State lawmakers move to keep Albany open during coronavirus


It's not clear how many people may go out of commission at once with the coronavirus pandemic, but one thing is for sure, lawmakers in Albany want to make sure that government will still be able to function.

That means ensuring votes can continue, even if members of the Assembly or senate cannot be physically present to cast them.

Assembly Speaker Carl Heastie and Majority Leader Crystal Peoples-Stokes are pushing a resolution they say will pass as early as Monday that would provide for "special temporary procedures" during a declared state of emergency.

That means for most votes, everyone is expected to be a "yes" by default, and can only register as "no" by actually voting "no."  It also means no one on the Assembly floor can speak more than once on any bill or amendment, and even then must be listed to 15 minutes. 

The rules also would allow members of the Assembly to attend remotely through a teleconference call or an online videoconference call.  They'll also be able to submit requests to speak electronically if they are not physically in the Assembly chamber.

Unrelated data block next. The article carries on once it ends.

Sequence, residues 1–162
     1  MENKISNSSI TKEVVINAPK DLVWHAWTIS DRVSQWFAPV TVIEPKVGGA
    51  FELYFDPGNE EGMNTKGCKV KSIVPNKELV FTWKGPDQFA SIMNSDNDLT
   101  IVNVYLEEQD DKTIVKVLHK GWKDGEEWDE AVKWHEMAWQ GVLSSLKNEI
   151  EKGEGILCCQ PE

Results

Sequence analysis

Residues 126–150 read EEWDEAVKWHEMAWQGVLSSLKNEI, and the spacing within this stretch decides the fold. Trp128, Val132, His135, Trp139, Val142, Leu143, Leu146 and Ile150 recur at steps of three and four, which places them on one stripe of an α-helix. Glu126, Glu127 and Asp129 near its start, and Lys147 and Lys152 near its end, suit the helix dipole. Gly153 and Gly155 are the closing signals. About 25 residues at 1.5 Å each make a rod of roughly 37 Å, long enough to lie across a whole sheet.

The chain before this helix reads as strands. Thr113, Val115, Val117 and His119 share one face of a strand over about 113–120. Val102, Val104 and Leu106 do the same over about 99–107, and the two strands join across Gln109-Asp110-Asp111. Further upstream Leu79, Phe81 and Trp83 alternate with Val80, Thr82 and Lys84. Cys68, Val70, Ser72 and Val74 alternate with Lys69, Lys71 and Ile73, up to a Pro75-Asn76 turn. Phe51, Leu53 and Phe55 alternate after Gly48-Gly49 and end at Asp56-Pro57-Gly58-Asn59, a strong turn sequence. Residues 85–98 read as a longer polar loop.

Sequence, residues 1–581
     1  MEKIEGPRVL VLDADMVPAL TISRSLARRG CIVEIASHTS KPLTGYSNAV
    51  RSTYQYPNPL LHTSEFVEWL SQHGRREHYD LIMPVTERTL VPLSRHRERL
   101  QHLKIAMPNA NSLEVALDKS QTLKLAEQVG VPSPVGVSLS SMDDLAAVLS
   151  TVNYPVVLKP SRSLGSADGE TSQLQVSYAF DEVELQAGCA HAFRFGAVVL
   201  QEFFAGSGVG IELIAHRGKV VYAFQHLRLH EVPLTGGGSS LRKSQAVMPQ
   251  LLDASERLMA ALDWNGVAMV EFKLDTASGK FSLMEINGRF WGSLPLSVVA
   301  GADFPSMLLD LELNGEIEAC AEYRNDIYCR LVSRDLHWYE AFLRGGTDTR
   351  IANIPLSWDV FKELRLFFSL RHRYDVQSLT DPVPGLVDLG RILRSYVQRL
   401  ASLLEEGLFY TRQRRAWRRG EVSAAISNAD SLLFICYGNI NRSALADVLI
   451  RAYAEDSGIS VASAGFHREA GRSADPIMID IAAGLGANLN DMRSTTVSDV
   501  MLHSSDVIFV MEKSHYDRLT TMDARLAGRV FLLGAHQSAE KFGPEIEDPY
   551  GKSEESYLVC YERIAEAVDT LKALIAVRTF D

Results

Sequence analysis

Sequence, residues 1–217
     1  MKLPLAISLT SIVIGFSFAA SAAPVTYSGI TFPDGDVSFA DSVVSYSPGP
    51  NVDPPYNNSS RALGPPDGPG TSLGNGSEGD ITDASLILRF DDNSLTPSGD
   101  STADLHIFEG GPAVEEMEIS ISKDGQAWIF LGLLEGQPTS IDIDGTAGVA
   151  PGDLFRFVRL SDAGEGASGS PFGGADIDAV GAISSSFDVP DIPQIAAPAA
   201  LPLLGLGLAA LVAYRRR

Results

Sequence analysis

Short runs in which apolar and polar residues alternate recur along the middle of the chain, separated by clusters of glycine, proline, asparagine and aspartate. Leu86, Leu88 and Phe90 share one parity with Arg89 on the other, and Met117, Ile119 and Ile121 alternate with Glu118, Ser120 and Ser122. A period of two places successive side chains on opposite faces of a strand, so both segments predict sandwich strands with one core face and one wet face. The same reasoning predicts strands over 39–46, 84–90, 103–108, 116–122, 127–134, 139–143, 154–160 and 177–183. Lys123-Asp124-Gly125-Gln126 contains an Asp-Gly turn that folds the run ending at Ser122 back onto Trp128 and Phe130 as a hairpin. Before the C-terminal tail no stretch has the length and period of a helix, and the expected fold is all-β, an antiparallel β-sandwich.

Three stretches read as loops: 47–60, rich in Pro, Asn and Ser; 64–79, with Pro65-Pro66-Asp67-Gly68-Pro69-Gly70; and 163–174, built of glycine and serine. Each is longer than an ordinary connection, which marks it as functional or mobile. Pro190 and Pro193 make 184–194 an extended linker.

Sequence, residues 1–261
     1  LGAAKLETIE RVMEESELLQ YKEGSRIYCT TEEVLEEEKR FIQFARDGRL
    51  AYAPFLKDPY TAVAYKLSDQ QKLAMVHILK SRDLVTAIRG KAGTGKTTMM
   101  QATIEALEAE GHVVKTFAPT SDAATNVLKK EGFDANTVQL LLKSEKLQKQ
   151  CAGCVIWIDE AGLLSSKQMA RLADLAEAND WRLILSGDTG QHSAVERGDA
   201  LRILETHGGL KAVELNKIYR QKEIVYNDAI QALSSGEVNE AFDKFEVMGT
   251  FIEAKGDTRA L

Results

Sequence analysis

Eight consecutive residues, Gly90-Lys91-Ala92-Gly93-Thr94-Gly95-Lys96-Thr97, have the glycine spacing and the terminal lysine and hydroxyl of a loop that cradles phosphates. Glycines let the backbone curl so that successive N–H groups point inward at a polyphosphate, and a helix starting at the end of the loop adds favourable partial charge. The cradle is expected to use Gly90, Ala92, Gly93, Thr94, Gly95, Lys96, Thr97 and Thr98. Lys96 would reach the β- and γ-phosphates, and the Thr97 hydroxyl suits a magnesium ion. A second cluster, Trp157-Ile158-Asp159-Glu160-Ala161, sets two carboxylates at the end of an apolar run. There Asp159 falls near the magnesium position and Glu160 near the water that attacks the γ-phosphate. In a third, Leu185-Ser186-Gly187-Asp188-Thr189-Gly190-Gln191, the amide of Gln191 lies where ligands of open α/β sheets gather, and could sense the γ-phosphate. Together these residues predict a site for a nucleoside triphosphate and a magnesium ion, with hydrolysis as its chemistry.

"During these extraordinary circumstances, it is critical that the people's house is able to continue to do the people's work," Heastie said, in a release. "These changes will preserve the integrity of New York's legislative process in a way that will also protect our members, our staff, the hardworking staff of the capitol, and the families we all go home to. This is a historic step that will help saves lives and support New Yorkers."

The senate, however, expects to be in full session beginning Monday, although it will look into allowing remote procedures where necessary in light of the coronavirus that causes COVID-19.

"The senate majority will be in Albany tomorrow for conference and will begin the process of passing budget bills this week as bills are ready," senate majority leader Andrea Stewart-Cousins said in a statement on Saturday. "During these unprecedented times, our state government requires continuity, and New Yorkers deserve leadership and action. 

"Throughout the week, our process will establish appropriate protocols involving social distancing, and (Sunday) we will pass a resolution authorizing limited remote voting as necessary."

The senate did indeed pass such a resolution on Sunday in a session that lasted less than five minutes. The senate is expected to resume work on Monday.

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